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"Rough Summer" For Small Caps Set To Continue

Small Cap stocks are in the middle of their worst summer doldrums since 2011 - and in fact for many individual stocks, worst summer since the collapse in 2008/9. While talking heads proclaim these smaller (supposedly more domestically-oriented) stocks a must-own, they have underperformed significantly as the credit cycle turns (thanks to their higher sensitivity to funding costs, among other things). Judging by this week's farce, the supposedly high-beta small caps are being BTFD'd aggressively either and perhaps that is because, since 1926, on average, September and October are the only months in which small-capitalization stocks have posted losses.

 

Weak Summer...

 

And Weak Bounce...

 

And as Bloomberg reports, Fall may be no better...

Shares of smaller U.S. companies are headed for their biggest monthly decline in almost four years, and history suggests they may not recover their losses any time soon.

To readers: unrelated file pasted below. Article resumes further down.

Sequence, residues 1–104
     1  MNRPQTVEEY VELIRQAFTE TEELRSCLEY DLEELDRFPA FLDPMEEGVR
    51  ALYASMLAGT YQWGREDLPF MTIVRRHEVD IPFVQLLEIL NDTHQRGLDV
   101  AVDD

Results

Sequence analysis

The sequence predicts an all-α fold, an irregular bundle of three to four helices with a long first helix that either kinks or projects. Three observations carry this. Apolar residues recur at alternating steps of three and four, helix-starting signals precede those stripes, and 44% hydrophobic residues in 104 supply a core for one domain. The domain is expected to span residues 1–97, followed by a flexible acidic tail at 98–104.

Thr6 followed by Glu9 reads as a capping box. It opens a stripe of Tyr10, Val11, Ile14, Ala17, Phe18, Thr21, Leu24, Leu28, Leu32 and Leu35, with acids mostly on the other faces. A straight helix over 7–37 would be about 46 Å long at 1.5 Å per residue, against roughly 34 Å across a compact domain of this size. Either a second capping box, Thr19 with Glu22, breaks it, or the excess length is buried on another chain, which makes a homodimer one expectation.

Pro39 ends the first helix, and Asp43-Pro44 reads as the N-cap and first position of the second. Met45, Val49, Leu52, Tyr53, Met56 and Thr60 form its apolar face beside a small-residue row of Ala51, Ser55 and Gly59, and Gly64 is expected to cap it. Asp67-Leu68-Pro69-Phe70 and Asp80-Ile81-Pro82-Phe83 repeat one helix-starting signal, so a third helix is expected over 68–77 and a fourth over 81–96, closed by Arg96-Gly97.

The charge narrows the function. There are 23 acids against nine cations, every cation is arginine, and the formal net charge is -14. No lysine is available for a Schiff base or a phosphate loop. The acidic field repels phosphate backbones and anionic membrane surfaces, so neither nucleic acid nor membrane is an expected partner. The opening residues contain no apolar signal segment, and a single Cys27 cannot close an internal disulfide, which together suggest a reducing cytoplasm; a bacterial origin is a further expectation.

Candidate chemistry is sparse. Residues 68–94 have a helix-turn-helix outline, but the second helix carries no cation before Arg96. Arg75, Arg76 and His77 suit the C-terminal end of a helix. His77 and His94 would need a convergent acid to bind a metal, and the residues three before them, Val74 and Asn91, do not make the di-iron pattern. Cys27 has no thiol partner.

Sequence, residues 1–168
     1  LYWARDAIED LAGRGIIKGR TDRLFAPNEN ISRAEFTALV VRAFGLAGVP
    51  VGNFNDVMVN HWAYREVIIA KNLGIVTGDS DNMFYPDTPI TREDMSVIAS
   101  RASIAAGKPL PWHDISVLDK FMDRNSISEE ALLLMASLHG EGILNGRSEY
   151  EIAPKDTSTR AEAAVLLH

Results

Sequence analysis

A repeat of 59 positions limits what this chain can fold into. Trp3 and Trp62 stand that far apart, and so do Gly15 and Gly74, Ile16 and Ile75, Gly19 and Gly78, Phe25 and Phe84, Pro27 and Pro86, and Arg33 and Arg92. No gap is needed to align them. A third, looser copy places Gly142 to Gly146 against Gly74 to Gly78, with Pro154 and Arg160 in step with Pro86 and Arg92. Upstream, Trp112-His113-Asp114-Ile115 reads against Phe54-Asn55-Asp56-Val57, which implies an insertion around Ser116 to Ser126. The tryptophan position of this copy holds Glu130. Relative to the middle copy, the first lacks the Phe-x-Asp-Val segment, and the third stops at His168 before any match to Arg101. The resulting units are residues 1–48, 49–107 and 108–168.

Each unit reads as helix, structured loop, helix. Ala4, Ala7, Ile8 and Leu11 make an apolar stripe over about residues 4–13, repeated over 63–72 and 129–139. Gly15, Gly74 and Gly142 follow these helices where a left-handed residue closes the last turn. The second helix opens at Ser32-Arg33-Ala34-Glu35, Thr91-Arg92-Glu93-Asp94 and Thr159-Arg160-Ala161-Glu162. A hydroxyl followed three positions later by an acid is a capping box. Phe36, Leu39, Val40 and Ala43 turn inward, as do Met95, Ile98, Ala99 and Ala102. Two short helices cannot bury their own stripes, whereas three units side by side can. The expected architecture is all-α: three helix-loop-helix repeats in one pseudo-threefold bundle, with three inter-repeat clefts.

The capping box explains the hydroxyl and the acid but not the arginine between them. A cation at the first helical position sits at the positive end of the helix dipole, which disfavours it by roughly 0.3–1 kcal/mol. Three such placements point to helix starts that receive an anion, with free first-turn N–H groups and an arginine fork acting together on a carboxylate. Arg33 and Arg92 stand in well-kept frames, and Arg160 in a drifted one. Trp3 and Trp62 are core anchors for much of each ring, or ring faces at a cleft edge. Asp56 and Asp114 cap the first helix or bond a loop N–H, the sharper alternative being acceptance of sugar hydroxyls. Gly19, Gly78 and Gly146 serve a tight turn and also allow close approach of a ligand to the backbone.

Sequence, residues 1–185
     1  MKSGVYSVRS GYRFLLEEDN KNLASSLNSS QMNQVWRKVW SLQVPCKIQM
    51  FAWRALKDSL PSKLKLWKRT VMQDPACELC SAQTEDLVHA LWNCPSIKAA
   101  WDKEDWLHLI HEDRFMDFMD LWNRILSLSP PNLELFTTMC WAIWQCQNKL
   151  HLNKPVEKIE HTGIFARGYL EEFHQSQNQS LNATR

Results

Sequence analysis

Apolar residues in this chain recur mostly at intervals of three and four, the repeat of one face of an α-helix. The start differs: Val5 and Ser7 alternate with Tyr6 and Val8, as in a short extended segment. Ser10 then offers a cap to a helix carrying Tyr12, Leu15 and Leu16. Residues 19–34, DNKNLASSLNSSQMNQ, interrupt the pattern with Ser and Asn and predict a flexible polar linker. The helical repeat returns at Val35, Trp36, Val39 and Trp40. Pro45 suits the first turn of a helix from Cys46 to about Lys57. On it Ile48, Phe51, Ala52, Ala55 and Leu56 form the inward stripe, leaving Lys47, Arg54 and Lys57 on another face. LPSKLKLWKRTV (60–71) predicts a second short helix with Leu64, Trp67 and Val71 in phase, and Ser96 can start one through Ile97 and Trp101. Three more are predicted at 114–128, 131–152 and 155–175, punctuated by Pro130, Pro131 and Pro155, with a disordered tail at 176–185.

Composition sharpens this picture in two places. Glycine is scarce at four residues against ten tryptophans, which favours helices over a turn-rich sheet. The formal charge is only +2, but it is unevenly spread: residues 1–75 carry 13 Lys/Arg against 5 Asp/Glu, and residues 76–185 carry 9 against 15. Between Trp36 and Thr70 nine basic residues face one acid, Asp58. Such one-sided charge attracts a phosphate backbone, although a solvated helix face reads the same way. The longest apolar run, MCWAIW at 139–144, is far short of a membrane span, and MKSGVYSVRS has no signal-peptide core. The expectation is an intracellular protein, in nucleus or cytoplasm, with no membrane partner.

September and October are the only months in which small-capitalization stocks have posted losses on average since 1926, as the chart illustrates. The data was compiled by the University of Chicago’s Center for Research in Security Prices.

 

...

 

“It has been a rough summer for small caps,” Steven G. DeSanctis, an equity strategist for Bank of America Corp.’s Merrill Lynch unit, wrote two days ago in a report that cited the chart’s data.

 

The Russell 2000 Index, whose companies have a $714 million median market value, has fallen 10 percent for August. A loss of that size would be the biggest monthly decline since September 2011. Rising stock volatility and weakness in high-yield bonds indicate a rebound may not come soon, wrote DeSanctis, who is based in New York.

*  *  *

Credit continues to flash red...

 

A pattern we have seen before...

 

Trade Accordingly...